test/home.test.js
var sails = require('sails');
const request = require('supertest');

// Global before hook
beforeAll(function (done) {
    sails.lift({
        // Your Sails app's configuration files will be loaded automatically,
        // but you can also specify any other special overrides here for testing purposes.

        // For example, we might want to skip the Grunt hook,
        // and disable all logs except errors and warnings:
        hooks: { grunt: false },
        log: { level: 'warn' },

    }, function (err) {
        if (err) { return done(err); }

        // here you can load fixtures, etc.
        // (for example, you might want to create some records in the database)

        return done();
    });
});

// Global after hook
afterAll(function (done) {
    // here you can clear fixtures, etc.
    // (e.g. you might want to destroy the records you created above)
    sails.lower(done);
});

Now unto test!

So the first test is really nothing fancy. So what we would do is call supertest which we are referring with the request variable, pass in the sail app and then make a GET request to the home route and see if it responds with a 200 OK. Fair enough? Let's write it:

test/home.test.js
describe('Home', () => {
    it('/ - returns 200', (done) => {
        request(sails.hooks.http.app)
            .get('/')
            .expect(200, done)
    })
})

Hopefully if we run our test via npm test, it will pass. I hope you noticed sails.hooks.http.app being passed to the call to request. That gave us the sails app instance currently running.

Also worthy of note is the done callback. It's required since API requests are asynchronous. Passing the done callback tells Jest we are done otherwise Jest will wait for the done callback and will just wait in there for as long as possible until it times out or it sees a call to done().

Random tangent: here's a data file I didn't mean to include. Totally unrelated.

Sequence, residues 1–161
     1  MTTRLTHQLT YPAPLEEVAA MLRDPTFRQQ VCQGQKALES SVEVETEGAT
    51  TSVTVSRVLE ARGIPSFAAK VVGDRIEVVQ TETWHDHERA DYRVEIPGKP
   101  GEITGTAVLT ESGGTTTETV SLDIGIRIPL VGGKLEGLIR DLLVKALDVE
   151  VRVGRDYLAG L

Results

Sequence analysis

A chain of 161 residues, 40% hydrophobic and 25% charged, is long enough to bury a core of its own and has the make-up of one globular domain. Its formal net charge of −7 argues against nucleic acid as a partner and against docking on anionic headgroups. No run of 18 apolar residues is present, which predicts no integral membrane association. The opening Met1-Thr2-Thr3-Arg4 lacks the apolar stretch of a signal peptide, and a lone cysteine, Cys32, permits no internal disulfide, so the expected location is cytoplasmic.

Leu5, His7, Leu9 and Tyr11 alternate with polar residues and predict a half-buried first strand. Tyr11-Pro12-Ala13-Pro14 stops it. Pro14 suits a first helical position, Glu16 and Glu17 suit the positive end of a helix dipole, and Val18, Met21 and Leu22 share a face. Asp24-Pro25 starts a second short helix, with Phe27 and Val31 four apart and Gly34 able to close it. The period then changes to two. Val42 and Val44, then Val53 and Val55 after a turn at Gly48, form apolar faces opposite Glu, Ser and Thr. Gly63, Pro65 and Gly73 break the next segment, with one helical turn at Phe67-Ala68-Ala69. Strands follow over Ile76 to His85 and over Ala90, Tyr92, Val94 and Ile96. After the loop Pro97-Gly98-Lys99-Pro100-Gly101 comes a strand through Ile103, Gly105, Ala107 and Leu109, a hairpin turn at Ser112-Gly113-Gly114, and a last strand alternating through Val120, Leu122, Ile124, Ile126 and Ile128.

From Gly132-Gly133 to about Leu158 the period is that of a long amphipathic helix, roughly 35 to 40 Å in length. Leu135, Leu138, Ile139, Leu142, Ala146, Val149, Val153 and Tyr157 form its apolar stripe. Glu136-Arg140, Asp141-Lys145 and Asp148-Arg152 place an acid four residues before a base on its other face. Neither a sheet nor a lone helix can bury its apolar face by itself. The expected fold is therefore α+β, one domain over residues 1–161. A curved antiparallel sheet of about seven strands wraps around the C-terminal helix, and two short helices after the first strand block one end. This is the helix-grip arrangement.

A real world test case ๐Ÿ˜Ž

Let's say I have a sign up feature in my Sails application located at user/signup and signs up a new user and returns back a JSON payload with the keys: userInfo and token for the new user info and a JWT token respectively. Let's write a test for this. So assuming everything is setup properly as described above, I would write:

test/user.test.js
it('Signs up new user', (done) => {
        const newUser = {
            fullName: 'Kelvin Omereshone',
            emailAddress: 'kelvinoemreshone@gmail.com',
            password: 'holamundo'
        }
        request(sails.hooks.http.app)
            .post('/user/signup')
            .send(newUser)
            .expect(201)
            .then(res => {
                expect(res.body.userInfo).not.toBeUndefined();
                expect(res.body.token).not.toBeUndefined();
                done();
            })
            .catch(err => {
                console.log(err);
                done(err)
            })
})

Conclusion

Learning to write automated tests would allow you more confidence in the code you write. I hope this setup would help you on your journey in testing Sails applications.

As always, you can tweet at me on Twitter your thoughts on this article.

Code expressively ๐ŸŽจ,
Kelvin